The epidural technique was performed at the lower thoracic level, the T 10 -T 11 interspace was chosen as it was at the center of the surgical field and was to be activated in case of unsuccessful spinal anesthesia or prolonged surgery and also for postoperative pain control. To avoid any accidental damage to the spinal cord, we performed spinal anesthesia at lumbar level (L 2 -L 3 ) and the patient was kept in Trendelenburg position for a few minutes to achieve adequate extent of blockade required for the surgery.

Another major concern was the consequence of paralyzing the primary expiratory muscles, those of the anterior abdominal wall. However, our study included ASA Grade I and II patients without respiratory disease, and thus this effect would have little consequence; therefore, there were no concerns about respiratory status at any time. In particular, no patient experienced dyspnea during abdominal insufflation perhaps because of the use of minimal tilt of the operating table and the use of low intra-abdominal gas pressure (maintained at 10 mmHg).

Under regional anesthesia the respiratory mechanism remains intact, and diaphragm the main inspiratory muscle is unaffected allowing the patient to adjust minute ventilation without any significant changes in ventilatory parameters or CO 2 levels. [7] In a study conducted by Ciofolo et al., the ventilatory measurements and arterial blood gases were maintained within normal limits at different stages during laparoscopy under epidural anesthesia. [8]

Cardiovascular changes were also minimal even though the spinal hyperbaric bupivacaine spread to affect most of the spinal cord segments responsible for sympathetic outflow. With adequate IV fluids, the patients who all were ASA grade I and II remained conscious, thus avoiding significant central depression of circulation or respiration and the differential blocking effects of bupivacaine may have prevented any significant cardiovascular changes.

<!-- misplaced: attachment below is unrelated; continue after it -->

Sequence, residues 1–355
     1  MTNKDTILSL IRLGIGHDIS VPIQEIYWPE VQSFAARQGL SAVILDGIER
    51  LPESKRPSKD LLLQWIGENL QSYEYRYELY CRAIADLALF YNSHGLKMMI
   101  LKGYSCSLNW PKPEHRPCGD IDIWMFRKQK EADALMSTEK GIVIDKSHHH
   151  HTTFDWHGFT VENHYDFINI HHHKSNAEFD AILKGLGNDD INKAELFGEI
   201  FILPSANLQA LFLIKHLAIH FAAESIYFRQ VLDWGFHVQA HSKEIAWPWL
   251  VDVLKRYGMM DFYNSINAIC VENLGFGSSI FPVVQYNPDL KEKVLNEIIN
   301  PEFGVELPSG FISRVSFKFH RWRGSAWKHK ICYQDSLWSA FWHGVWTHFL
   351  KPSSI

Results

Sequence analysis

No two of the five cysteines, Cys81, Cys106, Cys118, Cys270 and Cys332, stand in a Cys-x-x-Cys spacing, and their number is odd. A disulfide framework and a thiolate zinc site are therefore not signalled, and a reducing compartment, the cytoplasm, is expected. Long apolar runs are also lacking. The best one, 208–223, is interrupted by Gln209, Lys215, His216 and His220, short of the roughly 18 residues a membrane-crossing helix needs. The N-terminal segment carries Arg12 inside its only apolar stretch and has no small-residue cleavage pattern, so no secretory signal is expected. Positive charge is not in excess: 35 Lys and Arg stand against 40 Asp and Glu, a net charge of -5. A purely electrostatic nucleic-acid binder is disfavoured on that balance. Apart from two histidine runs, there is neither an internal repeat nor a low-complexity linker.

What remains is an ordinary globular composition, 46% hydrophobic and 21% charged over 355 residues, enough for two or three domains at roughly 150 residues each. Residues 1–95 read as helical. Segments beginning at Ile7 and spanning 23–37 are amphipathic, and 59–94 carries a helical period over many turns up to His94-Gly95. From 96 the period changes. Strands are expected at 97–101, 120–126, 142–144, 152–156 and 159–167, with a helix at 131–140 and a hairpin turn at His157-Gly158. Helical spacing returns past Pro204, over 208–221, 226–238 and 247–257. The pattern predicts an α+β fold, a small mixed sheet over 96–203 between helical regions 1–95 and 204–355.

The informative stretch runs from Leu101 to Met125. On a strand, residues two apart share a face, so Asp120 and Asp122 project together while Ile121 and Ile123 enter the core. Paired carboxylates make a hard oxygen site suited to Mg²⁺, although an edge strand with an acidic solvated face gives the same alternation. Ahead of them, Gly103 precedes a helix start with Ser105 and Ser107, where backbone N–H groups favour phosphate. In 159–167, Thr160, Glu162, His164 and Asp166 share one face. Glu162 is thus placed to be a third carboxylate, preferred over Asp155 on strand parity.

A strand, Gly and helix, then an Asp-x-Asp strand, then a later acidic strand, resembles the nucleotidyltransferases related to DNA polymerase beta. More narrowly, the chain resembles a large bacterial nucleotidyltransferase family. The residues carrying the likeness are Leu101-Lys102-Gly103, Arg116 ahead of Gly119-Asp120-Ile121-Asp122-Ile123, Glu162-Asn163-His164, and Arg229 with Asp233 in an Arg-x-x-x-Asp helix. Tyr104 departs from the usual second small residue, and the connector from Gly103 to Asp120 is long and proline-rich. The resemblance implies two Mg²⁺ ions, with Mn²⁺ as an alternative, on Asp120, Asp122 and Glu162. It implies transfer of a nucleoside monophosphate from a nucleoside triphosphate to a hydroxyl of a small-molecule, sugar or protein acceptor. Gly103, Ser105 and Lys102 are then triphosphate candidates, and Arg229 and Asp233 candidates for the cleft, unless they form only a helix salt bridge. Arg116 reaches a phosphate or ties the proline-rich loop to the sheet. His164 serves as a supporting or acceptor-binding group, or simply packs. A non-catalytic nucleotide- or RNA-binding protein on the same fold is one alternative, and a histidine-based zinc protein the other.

Other side effects were both infrequent and easily managed, especially shoulder tip pain, a common problem after laparoscopic surgery which occurred in 2 of our patients. Avoidance of extreme degrees of head-down tilt, so that blood and other irritant fluids did not run onto the diaphragm may have been the reason for the low incidence of side effects in our patients. The continuous epidural analgesia started in the postoperative period also led to a smooth and uneventful recovery.

In conclusion, laparoscopic appendectomy was successfully performed under combined spinal epidural anesthesia without any significant complications and thus can be an effective anesthetic technique for laparoscopic surgeries, but careful evaluation of the technique is appropriate particularly in patients with compromised cardiorespiratory conditions.

 
  References Top

1.Collins LM, Vaghadia H. Regional anaesthesia for laparoscopy. Anesthesiol Clin North America 2001; 19:43-55.  Back to cited text no. 1
[PUBMED]    
2.van Zundert AA, Stultiens G, Jakimowicz JJ, Peek D, van der Ham WG, Korsten HH, et al. Laparoscopic cholecystectomy under segmental thoracic spinal anaesthesia: A feasibility study. Br J Anaesth 2007; 98:682-6.  Back to cited text no. 2
[PUBMED]  [FULLTEXT]  
3.Gramatica L, Brasesco OE, Luna AM, Martinessi V, Panebianco G, Labaque F, et al. Laparoscopic cholecystectomy performed under regional anesthesia in patients with chronic obstructive pulmonary disease. Surg Endosc 2002; 16:472-5.  Back to cited text no. 3
    
4.Pursnani KG, Bazza Y, Calleja M, Mughal MM. Laparoscopic cholecystectomy under epidural anesthesia in patients with chronic respiratory disease. Surg Endosc 1998;12:1426-8.  Back to cited text no. 4
    
5.Chowbey PK, Sood J, Vashistha A, Sharma A, Khullar R, Soni V, et al. Extraperitoneal endoscopic groin hernia repair under epidural anesthesia. Surg Laparosc Endosc Percutan Tech 2003;13:185-90.  Back to cited text no. 5
[PUBMED]  [FULLTEXT]  
6.Tzovaras G, Fafoulakis F, Pratsas K, Georgopoulou S, Stamatiou G, Hatzitheofilou C. Spinal vs general anesthesia for laparoscopic cholecystectomy. Arch Surg 2008;143:497-501.  Back to cited text no. 6
[PUBMED]  [FULLTEXT]  
7.van Zundert AA, Stultiens G, Jakimowicz JJ, van den Borne BE, van der Ham WG, Wildsmith JA. Segmental spinal anaesthesia for cholecystectomy in a patient with severe lung disease. Br J Anaesth 2006;96:464-6.  Back to cited text no. 7
[PUBMED]  [FULLTEXT]  
8.Ciofolo MJ, Clergue F, Seebacher J, Lefebvre G, Viars P. Ventilatory effects of laparoscopy under epidural anesthesia. Anesth Analg 1990;70:357-61.  Back to cited text no. 8
[PUBMED]  [FULLTEXT]  



 
 
    Tables

  [Table 1], [Table 2], [Table 3]